Potts taught nursing at Calvin College for 16 years and has been teaching nursing as an assistant professor at Grand Rapids Community College for four years. She especially loves taking her nursing students to her neuro unit at Butterworth for their clinical education.
2020 Excellence in Nursing winners
Portraits by Bryan Esler
Category: Acute Care/Family Practice/General Med
Title: Director of Business Assurance, Spectrum Health West Michigan
Julie Bulson has been in the health field for 40 years. As business assurance director, she has a unique position of managing the program at Spectrum Health responsible for business continuity and emergency preparedness. The safety of the whole community is her focus. This planning ensures that patients, family members and staff are safe and get the care they need during a disaster situation. This includes proactive work in mitigating the effects of the disaster on not only Spectrum Health, but also the community, by working with its community planning partners. An example of this is working with the health system’s social media staff encouraging external messaging around how to decrease exposure and spread of disease through the current COVID-19 situation.
Bulson researches the best practices in health care emergency preparedness and often speaks at national conferences. She’s been on the Grand Valley State University Alumni Board for three terms (one as president). She also has been on the board for Leukemia and Lymphoma Society and Hope Unexpected, both of which support very important work in the community. Education is an easy tool to arm nurses with, but there is little education available related to disaster response, so Bulson has been able to document the need and develop educational modules that nursing staff can complete for free. Her research has documented a statistically significant improvement in the self-perceived knowledge level of nursing staff, which in turn has the potential to decrease nursing turnover and stress during a crisis. — Robin Gould
Title: Cardiovascular Recovery ICU RN, Spectrum Health West Michigan
Jamie Roberts is known as the nurse who gets things done without complaining. For the past seven years, she has worked with patients who have just had open-heart surgery in the ICU. If something is not working well on the unit, she strives to be the change and tries to find a solution. She comes in before her shift and stays after her shift to care for patients when the unit is short-handed. Roberts is the type of nurse who goes beyond what is expected of her. She once walked with a patient for four miles because the patient required a nurse to walk with them. She’s also volunteered to walk with a patient before her shift based on a patient’s request. Roberts goes above and beyond by making cheat sheets and education binders for staff, as well as references and a map for new nurses pulled to the unit. Outside of work, she adopted her road through the Kent County Adopt-a-Road program because she believes in and advocates for a cleaner planet and community.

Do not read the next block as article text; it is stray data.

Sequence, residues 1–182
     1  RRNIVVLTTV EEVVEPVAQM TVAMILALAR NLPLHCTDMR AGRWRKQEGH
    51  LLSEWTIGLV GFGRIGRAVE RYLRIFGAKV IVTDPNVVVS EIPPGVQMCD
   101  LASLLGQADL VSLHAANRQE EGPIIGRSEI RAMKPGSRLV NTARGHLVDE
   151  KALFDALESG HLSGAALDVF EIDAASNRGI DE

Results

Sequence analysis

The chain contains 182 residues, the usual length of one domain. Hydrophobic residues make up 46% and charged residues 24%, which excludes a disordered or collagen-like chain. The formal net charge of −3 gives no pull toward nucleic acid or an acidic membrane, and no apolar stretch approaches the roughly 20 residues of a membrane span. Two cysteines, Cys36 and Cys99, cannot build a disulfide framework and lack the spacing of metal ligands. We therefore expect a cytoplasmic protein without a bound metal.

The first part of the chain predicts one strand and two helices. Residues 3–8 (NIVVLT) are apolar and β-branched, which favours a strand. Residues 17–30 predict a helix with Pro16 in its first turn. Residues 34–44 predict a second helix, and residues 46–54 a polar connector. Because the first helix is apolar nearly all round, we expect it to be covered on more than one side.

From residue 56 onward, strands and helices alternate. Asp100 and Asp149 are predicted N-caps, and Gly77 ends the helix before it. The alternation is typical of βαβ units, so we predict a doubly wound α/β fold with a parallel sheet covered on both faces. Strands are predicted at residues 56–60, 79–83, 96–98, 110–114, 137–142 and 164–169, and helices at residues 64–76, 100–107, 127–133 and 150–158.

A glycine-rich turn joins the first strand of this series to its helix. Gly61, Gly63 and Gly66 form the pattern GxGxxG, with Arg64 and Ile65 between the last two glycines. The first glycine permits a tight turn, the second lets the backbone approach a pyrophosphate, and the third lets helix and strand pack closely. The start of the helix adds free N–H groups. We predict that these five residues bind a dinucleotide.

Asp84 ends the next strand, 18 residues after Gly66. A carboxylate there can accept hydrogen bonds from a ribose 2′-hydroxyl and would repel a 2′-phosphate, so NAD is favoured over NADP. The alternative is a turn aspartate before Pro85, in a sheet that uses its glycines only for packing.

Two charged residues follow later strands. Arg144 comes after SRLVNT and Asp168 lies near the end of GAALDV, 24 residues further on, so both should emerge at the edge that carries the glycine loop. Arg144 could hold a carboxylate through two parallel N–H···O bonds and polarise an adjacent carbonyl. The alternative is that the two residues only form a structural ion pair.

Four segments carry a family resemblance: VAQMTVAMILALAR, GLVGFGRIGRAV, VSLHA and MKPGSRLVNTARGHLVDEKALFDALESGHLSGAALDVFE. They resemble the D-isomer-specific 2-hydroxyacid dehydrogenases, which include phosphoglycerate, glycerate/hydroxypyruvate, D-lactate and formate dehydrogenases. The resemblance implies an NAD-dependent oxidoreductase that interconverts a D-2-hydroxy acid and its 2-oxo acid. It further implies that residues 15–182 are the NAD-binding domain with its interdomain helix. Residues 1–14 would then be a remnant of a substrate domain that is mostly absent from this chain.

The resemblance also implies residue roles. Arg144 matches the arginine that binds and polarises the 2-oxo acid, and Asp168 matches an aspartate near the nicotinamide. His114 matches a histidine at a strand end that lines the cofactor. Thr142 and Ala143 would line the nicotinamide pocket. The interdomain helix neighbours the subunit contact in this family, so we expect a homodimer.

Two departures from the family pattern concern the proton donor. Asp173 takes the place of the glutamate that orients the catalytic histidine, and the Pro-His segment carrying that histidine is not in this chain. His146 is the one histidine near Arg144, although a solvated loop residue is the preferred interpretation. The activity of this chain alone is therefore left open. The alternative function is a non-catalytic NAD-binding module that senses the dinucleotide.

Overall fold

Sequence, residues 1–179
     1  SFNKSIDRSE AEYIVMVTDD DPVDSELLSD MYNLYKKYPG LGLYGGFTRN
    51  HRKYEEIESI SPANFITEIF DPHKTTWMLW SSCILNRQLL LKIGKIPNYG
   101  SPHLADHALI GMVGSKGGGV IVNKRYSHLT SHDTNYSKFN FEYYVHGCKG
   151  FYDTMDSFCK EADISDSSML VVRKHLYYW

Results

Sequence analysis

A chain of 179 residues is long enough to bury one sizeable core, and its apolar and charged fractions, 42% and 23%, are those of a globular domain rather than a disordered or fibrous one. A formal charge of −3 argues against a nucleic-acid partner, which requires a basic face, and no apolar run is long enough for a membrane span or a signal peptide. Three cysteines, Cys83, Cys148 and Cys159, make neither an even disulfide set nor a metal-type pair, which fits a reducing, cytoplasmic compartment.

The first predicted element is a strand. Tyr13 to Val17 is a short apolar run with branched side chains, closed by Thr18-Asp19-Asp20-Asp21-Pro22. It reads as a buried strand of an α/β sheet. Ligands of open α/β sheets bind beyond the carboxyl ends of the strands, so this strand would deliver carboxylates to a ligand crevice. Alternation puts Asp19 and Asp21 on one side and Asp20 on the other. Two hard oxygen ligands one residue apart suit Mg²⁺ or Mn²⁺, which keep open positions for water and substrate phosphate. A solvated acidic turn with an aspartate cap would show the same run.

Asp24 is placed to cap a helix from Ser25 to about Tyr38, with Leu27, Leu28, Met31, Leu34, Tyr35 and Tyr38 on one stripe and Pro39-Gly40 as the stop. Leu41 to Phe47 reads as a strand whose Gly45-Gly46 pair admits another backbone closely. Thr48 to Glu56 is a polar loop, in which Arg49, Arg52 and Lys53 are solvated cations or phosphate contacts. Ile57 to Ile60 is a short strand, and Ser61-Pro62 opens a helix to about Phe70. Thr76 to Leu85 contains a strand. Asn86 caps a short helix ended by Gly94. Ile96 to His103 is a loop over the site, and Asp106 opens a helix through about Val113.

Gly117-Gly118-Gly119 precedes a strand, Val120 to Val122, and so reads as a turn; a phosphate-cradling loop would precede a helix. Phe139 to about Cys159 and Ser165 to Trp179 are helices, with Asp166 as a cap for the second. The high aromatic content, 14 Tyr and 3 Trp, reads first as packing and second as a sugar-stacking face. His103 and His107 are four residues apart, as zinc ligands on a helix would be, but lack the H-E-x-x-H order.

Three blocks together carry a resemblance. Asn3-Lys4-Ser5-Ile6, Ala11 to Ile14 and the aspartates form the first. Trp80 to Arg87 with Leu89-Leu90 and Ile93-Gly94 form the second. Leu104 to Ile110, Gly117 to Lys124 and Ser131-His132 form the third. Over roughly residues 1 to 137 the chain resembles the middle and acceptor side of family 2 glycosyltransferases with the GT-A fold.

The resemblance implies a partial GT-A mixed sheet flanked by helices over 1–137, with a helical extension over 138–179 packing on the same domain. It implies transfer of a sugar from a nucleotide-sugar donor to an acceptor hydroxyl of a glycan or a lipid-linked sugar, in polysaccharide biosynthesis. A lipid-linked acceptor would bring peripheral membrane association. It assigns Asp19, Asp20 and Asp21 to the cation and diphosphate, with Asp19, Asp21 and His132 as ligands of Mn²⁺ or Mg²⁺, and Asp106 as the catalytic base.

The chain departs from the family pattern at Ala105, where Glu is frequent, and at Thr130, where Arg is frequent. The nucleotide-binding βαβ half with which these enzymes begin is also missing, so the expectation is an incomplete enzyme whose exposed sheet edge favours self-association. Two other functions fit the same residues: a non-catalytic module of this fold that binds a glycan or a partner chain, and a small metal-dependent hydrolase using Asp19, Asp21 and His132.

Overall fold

— Robin Gould
Category: Community Health
Title: Registered Nurse, Spectrum Health West Michigan
Leora Bain has been a registered nurse for five years. She knows that when one family member is not well, it affects the family unit, and when families are unhealthy it affects the health of the community. She also believes that it is no longer “good enough” to have the education needed to promote health and well-being; there must be a human connection. Therefore, she is known to use transparency heavily throughout her nursing practice. Bain recently had the opportunity to speak about Perinatal Mood and Anxiety Disorders (PMAD) at an event for the Mid-Michigan Community Action Agency. However, her passion and service to the community goes beyond nursing.
Bain is currently investing her spare time, energy and finances in launching a nonprofit organization for young adults exiting the foster care system. Young adults who age out of the system often face homelessness and trauma. Her goal is to create an evidence-based practice/program that focuses on the individual’s needs. This nonprofit is her life’s mission and will become her greatest contribution, which she hopes will someday impact communities across the globe. She also invests her time by being an active member of the Michigan Coalition to End Homelessness and Fostering Change Network. Through these memberships, she advocates for real change in the community for its most vulnerable populations. Check out her nonprofit at glidehome.org. — Robin Gould
Category: Emergency Room
Title: Director of Clinical Practice, Quality and Integration, Emergency Care Specialists